Ikat raw silk warps, drying after being dyed.

Wednesday, March 20, 2013

ikat studies

It's been a while since my last post.  It is not because I have taken a break from weaving, but more because I haven't taken the time to stop and photograph my work.  But today is the day!  First day of spring, and of course there is a snow storm, so this means I am forced to stay at home instead of heading out to work on the school house.  It also means I can put the finishing touches on my order for the Craft Council of NL:  tweek my hang tags for my scarves, design some new tags for my pouches, wash felt and dye the last four River scarves, and generally makes sure the whole order looks super duper.

I wanted to document my 16 ikat Swedish lace scarves, but because of the ikat dyeing technique and the colour variation it produces, it doesn't do the scarves justice just to photograph them rolled or folded.  Instead, I have done a series of photos of the details of the ikat effects on the dyed silk warp strings.  I like the imperfections and the static effect that occurs when the dyed warp is threaded onto the loom and the areas of dyed colour translated into cloth.....enjoy!

Tuesday, February 12, 2013

spring order

The Craft Council of Newfoundland and Labrador placed a nice, big wholesale order with me the other week.  Their large shop in St. John's, Devon House on Duckworth Street, has been carrying my work since 2007 when I lived in Corner Brook for a couple of years.  The Craft Council of NL has been incredibly supportive to me over the years, especially when I was first starting out.  Every two years or so, they place a a wholesale order with me, and this year, I am really excited about the variety of handwoven pieces they would like.

Part of their order will be a large selection of my Swedish Lace ikat scarves woven with raw silk and cotton.  Partly designed to familiarize myself with Swedish handweaving for my trip to Sweden last fall, this design has lacy open stripes of cotton and plain weave stripes of ikat dyed raw silk.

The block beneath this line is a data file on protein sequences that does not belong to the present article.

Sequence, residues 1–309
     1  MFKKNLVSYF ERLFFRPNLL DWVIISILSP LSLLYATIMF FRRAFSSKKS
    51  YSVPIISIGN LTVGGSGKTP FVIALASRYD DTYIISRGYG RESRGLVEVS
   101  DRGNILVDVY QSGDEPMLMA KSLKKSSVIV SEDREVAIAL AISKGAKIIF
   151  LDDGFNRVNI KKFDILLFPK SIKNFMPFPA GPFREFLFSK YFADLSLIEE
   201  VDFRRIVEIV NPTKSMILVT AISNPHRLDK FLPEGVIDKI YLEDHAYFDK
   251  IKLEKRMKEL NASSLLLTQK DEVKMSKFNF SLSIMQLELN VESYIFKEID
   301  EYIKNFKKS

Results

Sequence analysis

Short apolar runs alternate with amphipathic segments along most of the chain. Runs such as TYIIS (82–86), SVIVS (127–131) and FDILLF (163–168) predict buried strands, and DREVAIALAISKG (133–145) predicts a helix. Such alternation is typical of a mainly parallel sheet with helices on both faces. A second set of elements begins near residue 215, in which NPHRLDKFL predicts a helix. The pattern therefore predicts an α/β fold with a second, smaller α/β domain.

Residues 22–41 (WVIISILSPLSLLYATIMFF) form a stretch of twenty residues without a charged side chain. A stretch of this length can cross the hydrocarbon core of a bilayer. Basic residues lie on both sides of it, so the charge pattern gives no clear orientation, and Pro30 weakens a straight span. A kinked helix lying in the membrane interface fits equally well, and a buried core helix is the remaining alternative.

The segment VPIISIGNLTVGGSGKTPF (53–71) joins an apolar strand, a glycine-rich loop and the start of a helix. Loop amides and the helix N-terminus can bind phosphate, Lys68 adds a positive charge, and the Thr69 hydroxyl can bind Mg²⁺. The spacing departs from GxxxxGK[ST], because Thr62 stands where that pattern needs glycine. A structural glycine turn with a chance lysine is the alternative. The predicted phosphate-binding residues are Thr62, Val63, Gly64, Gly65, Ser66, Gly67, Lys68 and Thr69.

Yesterday I prepared all the silk warps by measuring them out on my warping mill, tying them up with plastic and then dyeing them.  When they were still wet, I stretched them all out again on my warping mill to dry.  The colour palette for this production run is a mix of blues, aquas, and raspberry pinks.

Thursday, January 24, 2013

start to finish

Yesterday I posted about my handwoven cloth, fresh off the loom and ready to be sewn into zippered pouches.  Thanks to my trusty Singer Fashion Mate sewing machine (made in Italy in the 1960s, all metal parts, bought on kijiji for cheap), I whipped up 8 new pouches last night. 

The handwoven cloth on the outside is made of cotton with small bits of hand-dyed raw silk.  They are 9" wide (zip to zip) and 5" deep.  I lined them with fine unbleached cotton that I re-purposed from a second hand sheeting.

Wednesday, January 23, 2013

sample me up

This January, I've been slowly plugging away on weaving cloth for my little zippered pouches.  Varying the dimensions slightly and playing around with weave patterns and stripe arrangements allows me a huge variety of designs and effects.  The last couple of warps, I've been more mindful of designing the cloth for the construction of the pouch, emphasizing a stripe of overshot circles along the bottom of the finished pouch.  In the photo above, the cloth is freshly woven and cut off the loom, and has been washed.  I am now ready to cut apart each different 10' length of colour, buy some more zippers, and start sewing up the pouches.

For these pouches, I dressed the loom with a warp that is about 3 yards long, and then switch weft colours every 12 inches - the measurement needed for each pouch.  Instead of committing to a long multiple scarf warp, this allows me to use the process of weaving the pouch cloth like a sampler:  I get to try out a variety of different woven patterns and explore the effect of different weft colours on the weave....and as soon as I'm finished weaving one warp of pouches, my mind is eager to try out the next idea that has been sparked in the process.